Wednesday, October 10, 2012
Monday, January 23, 2012
Friday, December 30, 2011
Monday, October 17, 2011
Monday, July 11, 2011
We recently returned from a long weekend in Baltimore and Washington, D.C. The food highlights were definitely the fresh crab at Obrycki's and the really tasty crab cake sandwich at Nick's in the Cross Street Market. The photographic highlights were a few portraits of people, like Mark, that we met while walking around Baltimore and D.C. Mark occasionally plays jazz music near Baltimore's Inner Harbor. He says that the pay isn't usually very good, but it keeps him tuned up for the bands that he plays in. One of his bands is the Blue Moon Big Band, who backed up Kevin Bacon and Renée Zellweger in 2009's My One and Only.
Mark told me that he returned from Afghanistan in one piece, only to lose part of his left leg due to an improperly treated blood clot.
Philip is nine years old and has been riding his skateboard around the Hampden neighborhood in Baltimore for, "one year and seven months." Philip says that he mostly rides with his older brothers.
This guy was just hanging around in D.C., not really doing much of anything.
Monday, May 30, 2011
Holbrook, Arizona is home to one of the remaining Wigwam Villages and the nearby Petrified Forest National Park. This abandoned building seemed particularly photogenic.
Madrid, New Mexico is currently enjoying more tourism than Holbrook by a long shot. Clint is one of the volunteer firefighters that protects Madrid against the ever-present threat of wildfire.
Monday, May 23, 2011
Tuesday, March 29, 2011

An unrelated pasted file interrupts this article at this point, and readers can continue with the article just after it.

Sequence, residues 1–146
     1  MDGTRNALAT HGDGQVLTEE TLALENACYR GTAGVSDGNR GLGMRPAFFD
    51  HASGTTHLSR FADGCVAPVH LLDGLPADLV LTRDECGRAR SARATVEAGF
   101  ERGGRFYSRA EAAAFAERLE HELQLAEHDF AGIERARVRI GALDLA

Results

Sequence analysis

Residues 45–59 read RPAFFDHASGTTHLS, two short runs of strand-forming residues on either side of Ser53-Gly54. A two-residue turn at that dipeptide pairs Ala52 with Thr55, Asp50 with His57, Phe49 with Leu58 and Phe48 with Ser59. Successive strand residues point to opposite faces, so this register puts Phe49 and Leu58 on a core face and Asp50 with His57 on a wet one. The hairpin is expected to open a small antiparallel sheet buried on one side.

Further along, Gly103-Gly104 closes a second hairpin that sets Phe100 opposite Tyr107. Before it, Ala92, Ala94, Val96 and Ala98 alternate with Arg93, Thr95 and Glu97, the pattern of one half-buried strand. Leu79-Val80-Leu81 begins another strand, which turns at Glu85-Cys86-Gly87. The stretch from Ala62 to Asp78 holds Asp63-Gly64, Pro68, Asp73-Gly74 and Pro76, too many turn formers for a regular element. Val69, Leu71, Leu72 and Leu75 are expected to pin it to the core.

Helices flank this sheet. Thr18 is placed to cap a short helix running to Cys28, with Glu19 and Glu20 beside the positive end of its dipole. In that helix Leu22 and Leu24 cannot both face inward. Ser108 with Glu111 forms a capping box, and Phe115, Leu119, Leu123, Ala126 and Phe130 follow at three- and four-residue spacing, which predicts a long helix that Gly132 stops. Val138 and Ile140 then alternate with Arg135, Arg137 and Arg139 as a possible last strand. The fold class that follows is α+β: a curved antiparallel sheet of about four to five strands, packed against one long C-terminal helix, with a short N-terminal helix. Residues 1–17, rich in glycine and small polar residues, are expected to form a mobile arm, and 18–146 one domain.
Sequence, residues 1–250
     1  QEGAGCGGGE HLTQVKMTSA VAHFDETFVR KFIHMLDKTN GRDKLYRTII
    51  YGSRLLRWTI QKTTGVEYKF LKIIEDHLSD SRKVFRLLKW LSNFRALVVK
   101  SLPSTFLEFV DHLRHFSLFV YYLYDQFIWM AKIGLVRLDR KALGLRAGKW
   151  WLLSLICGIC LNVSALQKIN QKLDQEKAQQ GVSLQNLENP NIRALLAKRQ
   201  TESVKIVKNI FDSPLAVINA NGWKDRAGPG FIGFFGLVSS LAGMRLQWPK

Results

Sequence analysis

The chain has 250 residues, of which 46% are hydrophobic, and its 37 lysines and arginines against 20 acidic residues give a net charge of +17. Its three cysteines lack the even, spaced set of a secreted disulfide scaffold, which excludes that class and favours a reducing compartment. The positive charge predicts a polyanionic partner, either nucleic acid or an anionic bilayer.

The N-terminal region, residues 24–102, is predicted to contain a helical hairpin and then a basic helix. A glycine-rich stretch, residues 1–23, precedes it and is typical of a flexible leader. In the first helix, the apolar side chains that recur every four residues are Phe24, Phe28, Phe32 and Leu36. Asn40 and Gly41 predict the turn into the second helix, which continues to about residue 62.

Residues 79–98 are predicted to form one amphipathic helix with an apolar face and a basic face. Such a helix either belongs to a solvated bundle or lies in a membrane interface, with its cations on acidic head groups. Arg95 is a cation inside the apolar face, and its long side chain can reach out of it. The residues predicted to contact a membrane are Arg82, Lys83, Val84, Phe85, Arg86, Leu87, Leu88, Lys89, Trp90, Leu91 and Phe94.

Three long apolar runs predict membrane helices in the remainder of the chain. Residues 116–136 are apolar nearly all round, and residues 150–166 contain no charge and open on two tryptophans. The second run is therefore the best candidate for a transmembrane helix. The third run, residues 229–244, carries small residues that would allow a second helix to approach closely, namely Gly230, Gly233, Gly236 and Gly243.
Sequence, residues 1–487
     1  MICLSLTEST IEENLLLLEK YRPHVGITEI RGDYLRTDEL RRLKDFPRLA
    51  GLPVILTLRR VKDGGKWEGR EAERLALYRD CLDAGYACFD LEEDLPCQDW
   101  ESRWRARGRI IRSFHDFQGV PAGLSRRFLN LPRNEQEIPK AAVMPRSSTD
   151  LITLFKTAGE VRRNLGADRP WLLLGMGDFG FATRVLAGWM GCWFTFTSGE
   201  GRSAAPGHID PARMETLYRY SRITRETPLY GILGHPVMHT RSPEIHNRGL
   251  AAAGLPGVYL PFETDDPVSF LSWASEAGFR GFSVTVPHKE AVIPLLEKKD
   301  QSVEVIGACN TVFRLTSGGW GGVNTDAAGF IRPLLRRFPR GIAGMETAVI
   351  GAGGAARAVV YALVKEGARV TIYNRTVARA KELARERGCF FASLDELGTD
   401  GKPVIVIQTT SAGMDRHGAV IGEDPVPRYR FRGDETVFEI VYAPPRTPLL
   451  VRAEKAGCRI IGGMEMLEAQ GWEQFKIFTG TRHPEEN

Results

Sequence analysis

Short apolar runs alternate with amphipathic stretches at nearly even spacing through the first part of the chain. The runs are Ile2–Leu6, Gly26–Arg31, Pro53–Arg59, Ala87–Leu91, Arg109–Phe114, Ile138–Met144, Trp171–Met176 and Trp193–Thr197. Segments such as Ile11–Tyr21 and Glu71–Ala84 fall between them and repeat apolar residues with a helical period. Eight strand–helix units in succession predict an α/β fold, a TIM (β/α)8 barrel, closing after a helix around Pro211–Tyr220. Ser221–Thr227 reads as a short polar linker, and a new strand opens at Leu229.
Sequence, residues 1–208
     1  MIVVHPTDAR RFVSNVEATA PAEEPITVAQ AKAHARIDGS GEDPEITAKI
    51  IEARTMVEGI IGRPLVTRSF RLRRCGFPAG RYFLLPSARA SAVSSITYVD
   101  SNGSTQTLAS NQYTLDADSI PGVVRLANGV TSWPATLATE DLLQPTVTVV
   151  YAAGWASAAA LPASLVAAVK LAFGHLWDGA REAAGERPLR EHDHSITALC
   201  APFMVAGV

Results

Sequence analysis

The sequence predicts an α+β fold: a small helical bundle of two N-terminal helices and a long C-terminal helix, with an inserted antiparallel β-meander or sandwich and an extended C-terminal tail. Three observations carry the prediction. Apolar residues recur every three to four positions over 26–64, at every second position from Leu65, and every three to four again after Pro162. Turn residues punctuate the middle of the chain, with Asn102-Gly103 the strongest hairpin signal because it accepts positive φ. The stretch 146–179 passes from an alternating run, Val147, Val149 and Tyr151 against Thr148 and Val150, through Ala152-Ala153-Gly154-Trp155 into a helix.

When we last left off, we were heading to bed with the intention of waking up early, taking a bus to Aleppo, and stopping along the way to tour Krak des Chevaliers, and the Norias of Hama. Unfortunately, jet lag caught up to us, and we woke up a bit after 8:00. Undaunted, we pored over our guide book and began to consider the most efficient route. With a semi-firm plan in place, and pastries in our bellies, we hailed a cab and found our way to the Damascus bus station.
The bus station is in an industrial part of Damascus, and we felt a bit out of place as we struggled to locate the station entrance, identify the logo for the bus company recommended in our guide book, purchase tickets, communicate our travel plans to the police, spot the arabic numeral identifying our bus bay, locate our assigned seats, and generally not appear to be completely lost.
We were seated in the front of the bus, under the careful eye of the bus driver and his attendant, a man who managed to gracefully serve tea as we hurtled through the Syrian countryside. Some careful time-table perusal indicated that our hope to view what T.E. Lawrence called, "perhaps the best preserved and most wholly admirable castle in the world" were unrealistic in the extreme, and that even viewing Hama's Norias might not be feasible. We had only purchased tickets to Homs (B on the map below).
After deciding to skip Krak des Chevaliers during this visit, we next attempted to determine if our bus would continue on from Homs to Hama. The attendant stated that it would, but that we would need to purchase our tickets and re-board the bus during the short ten minute layover. Our time in Homs was short, and harried.
We arrived in Hama and secured tickets to Aleppo that would allow us time for a brief detour to view Hama's Norias and what remained of Hama's old town after Assad's massacre. Our plans were a bit complicated by the fact that the Hama bus station had been relocated since our guidebook had been published and the fact that our presence had attracted a 16 year old, leather jacketed tail that we couldn't shake. We hired a taxi to solve both of these problems.
The scale of the Norias was remarkable:
As was the brilliant simplicity of their construction:
The Norias certainly make an appealing backdrop for a portrait:
Unfortunately, Assad's destruction of Hama's old town was almost complete, and little of it remains beyond the Norias, an alley and a few mosques:
With daylight fading, we made our way back to the bus station, and the rest of our time in Hama was relatively uneventful. Our arrival in Aleppo was a bit more exciting.